On Mon, Sep 23, 2002 at 10:32:00PM +0200, Ingo Molnar wrote:
> On Mon, 23 Sep 2002, Bill Davidsen wrote:
> > The programs which benefit from N:M are exactly those which don't behave
> > the way you describe. [...]
> 90% of the programs that matter behave exactly like Larry has described.
> IO is the main source of blocking. Go and profile a busy webserver or
> mailserver or database server yourself if you dont believe it.
There are heavily-threaded programs out there that do not behave this
way, and for which a N:M thread model is completely appropriate. For
example, simulation codes in operations research are most naturally
implemented as one thread per object being simulated, with virtually no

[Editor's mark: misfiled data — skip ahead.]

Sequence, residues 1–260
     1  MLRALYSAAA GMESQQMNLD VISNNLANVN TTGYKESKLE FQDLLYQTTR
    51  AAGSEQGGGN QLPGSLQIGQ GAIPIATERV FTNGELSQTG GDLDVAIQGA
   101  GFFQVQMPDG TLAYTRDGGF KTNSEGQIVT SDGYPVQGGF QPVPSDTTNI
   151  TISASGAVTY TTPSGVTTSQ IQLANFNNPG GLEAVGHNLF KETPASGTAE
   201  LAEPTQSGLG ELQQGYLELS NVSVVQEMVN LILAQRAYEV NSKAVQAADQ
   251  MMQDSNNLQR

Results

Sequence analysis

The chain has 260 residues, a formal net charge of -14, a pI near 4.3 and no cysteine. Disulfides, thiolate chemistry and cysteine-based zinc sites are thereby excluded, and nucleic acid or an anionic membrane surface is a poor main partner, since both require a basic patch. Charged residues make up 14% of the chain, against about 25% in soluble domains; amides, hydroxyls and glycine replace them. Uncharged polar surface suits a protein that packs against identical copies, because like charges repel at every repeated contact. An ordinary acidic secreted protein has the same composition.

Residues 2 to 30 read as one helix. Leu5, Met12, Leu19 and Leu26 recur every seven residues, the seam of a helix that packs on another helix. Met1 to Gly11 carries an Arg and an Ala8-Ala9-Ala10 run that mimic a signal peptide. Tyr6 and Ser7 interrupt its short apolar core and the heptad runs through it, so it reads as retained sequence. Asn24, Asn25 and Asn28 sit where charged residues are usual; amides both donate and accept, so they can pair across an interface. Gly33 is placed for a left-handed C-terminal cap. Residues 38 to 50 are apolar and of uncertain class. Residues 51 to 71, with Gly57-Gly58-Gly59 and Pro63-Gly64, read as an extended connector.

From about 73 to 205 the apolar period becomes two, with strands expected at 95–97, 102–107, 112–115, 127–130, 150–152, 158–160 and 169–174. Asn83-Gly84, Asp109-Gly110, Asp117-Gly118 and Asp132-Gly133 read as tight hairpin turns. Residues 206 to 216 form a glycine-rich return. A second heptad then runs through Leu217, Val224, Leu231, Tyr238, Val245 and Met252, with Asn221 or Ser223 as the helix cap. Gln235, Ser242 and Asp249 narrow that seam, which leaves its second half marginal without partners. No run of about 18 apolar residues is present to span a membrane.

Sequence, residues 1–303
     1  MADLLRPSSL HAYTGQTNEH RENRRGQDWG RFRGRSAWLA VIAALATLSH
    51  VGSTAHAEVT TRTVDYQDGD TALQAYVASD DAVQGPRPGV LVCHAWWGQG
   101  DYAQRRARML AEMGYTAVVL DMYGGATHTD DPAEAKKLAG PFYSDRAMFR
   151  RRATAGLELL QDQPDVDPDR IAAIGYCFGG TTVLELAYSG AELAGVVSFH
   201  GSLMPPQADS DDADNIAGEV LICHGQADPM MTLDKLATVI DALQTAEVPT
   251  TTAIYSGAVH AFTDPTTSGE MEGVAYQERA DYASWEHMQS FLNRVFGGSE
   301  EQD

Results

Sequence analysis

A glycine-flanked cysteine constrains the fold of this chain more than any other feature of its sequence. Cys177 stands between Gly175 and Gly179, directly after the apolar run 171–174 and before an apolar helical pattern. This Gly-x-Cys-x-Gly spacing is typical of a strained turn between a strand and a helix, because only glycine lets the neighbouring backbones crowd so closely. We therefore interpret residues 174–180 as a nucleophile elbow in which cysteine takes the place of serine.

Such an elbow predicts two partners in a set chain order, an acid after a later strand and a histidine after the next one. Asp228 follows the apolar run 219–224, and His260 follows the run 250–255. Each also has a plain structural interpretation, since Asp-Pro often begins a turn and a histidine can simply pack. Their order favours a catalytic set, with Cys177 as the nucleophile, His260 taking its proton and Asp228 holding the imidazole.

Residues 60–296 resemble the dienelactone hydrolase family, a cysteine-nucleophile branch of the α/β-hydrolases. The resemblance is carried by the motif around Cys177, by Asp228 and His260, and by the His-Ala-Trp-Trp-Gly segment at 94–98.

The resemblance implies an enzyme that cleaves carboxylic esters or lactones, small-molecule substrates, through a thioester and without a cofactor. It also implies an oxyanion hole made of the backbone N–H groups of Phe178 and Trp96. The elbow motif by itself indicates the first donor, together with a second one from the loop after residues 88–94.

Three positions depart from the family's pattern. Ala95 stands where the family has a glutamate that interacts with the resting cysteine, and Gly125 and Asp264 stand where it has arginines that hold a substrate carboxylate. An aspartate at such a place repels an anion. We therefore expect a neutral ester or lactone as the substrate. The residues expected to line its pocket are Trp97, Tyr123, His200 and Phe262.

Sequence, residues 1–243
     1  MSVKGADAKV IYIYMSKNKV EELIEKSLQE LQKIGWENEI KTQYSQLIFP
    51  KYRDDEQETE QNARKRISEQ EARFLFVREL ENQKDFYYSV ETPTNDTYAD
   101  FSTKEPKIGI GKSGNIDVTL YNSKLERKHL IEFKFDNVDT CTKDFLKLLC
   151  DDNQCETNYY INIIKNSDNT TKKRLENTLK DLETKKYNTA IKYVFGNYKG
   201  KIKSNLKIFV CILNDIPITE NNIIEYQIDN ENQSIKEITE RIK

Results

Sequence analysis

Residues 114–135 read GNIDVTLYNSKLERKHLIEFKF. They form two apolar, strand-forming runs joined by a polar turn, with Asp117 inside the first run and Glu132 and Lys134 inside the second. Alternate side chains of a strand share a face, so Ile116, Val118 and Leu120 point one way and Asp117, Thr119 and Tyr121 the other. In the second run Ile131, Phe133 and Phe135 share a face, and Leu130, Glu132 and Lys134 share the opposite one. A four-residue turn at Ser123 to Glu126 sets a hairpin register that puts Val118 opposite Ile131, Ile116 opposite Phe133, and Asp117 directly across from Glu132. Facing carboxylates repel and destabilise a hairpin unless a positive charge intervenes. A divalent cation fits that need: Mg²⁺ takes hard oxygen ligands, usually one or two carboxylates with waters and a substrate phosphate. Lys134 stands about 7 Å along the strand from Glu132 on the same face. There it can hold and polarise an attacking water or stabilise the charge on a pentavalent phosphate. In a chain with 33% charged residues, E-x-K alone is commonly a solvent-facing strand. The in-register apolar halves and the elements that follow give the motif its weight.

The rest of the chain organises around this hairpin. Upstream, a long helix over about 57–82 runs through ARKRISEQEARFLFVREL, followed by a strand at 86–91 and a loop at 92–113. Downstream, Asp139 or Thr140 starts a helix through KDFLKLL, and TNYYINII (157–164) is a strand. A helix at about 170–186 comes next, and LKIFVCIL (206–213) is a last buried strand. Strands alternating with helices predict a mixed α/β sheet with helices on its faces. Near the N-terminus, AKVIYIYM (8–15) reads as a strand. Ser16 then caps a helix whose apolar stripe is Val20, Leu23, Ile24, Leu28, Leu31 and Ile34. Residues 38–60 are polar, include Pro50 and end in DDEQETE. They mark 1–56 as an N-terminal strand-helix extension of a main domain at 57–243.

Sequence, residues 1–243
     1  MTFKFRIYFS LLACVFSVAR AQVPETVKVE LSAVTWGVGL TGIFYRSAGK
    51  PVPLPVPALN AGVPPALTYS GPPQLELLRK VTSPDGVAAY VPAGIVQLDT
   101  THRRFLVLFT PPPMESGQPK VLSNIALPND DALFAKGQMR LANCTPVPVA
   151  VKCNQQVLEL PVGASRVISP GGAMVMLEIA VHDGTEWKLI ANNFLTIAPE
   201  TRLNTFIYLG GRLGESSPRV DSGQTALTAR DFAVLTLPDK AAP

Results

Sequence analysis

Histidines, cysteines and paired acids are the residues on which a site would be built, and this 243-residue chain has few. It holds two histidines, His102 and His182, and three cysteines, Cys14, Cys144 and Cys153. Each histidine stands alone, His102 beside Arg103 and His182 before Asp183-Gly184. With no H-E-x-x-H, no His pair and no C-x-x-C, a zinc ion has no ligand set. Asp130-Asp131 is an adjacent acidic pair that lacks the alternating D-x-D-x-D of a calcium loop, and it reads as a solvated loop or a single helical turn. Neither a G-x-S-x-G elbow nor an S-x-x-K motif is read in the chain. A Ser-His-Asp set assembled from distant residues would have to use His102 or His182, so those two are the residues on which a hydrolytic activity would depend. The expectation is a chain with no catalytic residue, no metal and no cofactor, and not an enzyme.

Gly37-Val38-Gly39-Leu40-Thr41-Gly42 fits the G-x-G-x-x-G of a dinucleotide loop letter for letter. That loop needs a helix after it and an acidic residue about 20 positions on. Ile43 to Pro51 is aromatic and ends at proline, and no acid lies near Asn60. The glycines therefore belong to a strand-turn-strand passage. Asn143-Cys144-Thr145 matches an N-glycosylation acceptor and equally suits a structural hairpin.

IO outside the simulation. The vast majority of the computation time in
such a simulation is spent doing small amounts of work local to the
thread, then sending small messages to another thread via a FIFO, then
going to sleep waiting for more work.
Of course this can be (and frequently is) implemented such that there is
not one Pthreads thread per object; given simulation environments with 1
million objects, and the current crappy state of Pthreads
implementations, the researchers have no choice.
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This archive was generated by hypermail 2b29 : Mon Sep 23 2002 - 22:00:41 EST